More than three quarters of those polled in a recent survey feel that more needs to be done to develop cycle lanes in Britain, according to a survey by Sustrans, the cycling and walking advocacy group.
Despite pushes to encourage more to cycle in cities, just 6 percent of those surveyed commute by bike, but 75 percent of those quizzed said they want more investment in cycling infrastructure. A massive 78 percent of respondents are keen to see more protected bike lanes, even if that would be detrimental to road traffic.
The survey team visited seven cities across the UK in order to get a wide spectrum of views on the issue, going to Newcastle, Cardiff, Belfast, Bristol, Birmingham, Edinburgh and Manchester, with more than 1,000 people responding in each city. There was a universal agreement that cycling in those cities wasn't as safe as it could be. In five of those cities, more than a quarter of residents live within 125 metres of a designated cycle way.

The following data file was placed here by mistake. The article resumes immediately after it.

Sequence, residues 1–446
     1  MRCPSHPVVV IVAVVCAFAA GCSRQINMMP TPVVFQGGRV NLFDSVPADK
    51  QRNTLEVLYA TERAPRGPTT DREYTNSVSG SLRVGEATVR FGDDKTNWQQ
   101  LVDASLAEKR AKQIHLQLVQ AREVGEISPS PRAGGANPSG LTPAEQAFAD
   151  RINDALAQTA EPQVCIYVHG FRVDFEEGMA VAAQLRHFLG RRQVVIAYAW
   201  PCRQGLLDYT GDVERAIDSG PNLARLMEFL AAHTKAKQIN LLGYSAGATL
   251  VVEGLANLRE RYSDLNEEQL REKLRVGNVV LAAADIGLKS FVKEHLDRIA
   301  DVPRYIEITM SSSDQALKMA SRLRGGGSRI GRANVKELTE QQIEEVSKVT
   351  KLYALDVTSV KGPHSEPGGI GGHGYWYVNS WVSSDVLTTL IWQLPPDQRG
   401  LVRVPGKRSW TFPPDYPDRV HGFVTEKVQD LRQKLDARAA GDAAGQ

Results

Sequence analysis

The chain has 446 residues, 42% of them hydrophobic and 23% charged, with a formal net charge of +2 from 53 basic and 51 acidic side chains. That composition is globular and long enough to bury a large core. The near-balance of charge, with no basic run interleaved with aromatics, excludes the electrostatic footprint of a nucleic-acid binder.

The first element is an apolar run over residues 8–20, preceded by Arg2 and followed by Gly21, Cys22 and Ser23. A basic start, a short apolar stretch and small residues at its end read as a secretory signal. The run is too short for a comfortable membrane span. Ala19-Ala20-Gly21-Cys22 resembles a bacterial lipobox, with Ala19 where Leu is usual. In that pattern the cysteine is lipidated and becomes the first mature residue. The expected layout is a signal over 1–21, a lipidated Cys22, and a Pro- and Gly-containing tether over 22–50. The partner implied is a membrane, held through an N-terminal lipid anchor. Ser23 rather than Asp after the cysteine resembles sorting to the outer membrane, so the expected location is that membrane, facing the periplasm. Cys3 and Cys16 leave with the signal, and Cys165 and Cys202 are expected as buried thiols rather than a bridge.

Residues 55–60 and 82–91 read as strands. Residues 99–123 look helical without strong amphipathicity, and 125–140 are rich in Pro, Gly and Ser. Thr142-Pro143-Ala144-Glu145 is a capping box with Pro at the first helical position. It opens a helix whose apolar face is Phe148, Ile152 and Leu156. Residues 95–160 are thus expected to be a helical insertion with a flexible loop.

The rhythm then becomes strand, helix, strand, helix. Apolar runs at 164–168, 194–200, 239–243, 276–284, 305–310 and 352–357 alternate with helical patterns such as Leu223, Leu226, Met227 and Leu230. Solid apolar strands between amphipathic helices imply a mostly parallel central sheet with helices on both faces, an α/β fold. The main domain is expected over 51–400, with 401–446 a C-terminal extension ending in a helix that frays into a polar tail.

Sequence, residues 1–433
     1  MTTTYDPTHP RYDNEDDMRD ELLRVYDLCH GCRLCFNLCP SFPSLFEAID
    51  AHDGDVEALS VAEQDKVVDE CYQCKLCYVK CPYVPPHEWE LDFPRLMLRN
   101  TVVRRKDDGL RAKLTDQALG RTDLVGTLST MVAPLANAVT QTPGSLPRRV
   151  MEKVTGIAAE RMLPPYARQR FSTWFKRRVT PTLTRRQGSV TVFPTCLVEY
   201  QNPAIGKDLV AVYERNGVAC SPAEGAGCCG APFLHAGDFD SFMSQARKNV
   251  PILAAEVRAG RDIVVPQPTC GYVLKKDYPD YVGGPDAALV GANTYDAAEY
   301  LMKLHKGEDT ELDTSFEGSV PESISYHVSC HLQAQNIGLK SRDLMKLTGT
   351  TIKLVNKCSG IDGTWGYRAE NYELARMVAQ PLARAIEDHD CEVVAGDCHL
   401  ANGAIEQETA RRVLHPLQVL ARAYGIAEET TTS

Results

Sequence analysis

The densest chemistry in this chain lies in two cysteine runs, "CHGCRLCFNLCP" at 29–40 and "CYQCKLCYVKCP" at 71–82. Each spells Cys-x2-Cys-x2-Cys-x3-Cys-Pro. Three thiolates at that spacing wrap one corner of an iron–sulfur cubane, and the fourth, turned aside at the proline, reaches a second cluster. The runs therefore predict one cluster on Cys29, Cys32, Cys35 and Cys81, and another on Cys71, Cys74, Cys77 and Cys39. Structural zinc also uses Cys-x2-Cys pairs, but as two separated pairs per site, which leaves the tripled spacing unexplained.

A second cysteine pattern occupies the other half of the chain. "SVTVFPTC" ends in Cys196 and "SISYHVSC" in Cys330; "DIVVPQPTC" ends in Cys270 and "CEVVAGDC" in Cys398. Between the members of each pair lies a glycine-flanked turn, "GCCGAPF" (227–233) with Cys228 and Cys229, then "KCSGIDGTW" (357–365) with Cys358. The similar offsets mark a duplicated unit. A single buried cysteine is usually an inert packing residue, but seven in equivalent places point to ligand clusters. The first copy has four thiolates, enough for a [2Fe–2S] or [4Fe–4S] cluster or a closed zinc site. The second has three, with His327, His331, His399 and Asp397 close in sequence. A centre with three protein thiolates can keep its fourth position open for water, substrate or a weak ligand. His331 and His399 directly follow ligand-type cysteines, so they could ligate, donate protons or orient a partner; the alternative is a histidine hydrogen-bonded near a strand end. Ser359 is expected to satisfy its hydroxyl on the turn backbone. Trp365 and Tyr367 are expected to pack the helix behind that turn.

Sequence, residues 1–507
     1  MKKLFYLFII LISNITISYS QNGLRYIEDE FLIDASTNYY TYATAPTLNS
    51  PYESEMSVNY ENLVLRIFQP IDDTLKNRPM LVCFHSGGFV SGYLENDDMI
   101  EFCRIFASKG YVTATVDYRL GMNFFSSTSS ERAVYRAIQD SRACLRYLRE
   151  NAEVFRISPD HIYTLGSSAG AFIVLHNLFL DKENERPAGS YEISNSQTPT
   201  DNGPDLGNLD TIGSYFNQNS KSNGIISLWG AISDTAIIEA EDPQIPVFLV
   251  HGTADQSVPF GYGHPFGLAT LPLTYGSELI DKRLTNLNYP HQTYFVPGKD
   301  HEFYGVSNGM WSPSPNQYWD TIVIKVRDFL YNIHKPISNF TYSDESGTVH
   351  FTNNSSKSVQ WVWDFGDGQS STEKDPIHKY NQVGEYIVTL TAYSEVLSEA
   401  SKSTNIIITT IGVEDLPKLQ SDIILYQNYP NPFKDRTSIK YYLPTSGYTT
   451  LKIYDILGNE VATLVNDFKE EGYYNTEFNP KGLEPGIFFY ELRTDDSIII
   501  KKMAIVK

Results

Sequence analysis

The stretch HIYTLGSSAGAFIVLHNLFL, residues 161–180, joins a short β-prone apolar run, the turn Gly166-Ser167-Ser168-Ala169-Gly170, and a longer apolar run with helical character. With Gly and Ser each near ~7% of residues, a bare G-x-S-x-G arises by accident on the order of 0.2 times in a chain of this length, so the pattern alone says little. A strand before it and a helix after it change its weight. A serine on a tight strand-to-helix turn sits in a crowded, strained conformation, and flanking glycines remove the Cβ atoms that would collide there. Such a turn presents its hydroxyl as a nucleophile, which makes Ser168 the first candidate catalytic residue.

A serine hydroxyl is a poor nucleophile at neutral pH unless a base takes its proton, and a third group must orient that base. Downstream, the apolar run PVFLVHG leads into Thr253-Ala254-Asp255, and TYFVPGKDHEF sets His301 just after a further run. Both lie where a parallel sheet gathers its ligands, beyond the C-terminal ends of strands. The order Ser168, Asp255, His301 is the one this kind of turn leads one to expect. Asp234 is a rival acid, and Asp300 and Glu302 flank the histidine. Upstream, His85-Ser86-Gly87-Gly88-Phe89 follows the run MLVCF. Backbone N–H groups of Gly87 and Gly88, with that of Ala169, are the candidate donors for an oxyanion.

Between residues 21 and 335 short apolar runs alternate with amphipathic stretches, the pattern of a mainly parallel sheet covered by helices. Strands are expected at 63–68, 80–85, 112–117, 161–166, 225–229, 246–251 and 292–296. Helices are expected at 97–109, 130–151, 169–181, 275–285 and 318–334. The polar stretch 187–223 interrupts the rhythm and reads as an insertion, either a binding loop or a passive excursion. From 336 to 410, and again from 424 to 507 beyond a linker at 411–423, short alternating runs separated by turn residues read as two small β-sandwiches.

'At present, traffic congestion costs Greater Manchester £1.3bn per year, with nearly a third of people travelling less than half a mile by car during the morning peak. Getting more people out of cars and on to bikes is a clear and practical way in which we can address the issue,' former professional cyclist and cycling and walking commissioner for Greater Manchester, Chris Boardman, told the Guardian.
According to research, adding cycle lanes in major cities encourages more to saddle up – last year Transport for London noted a 50 percent increase in the number of cyclists where dedicated cycleways had been built. On Blackfriars Bridge, 70 percent of all traffic now comes from cyclists. Outside of major cities though, many cyclists continue to use roads, despite dedicated cycle paths being put in place.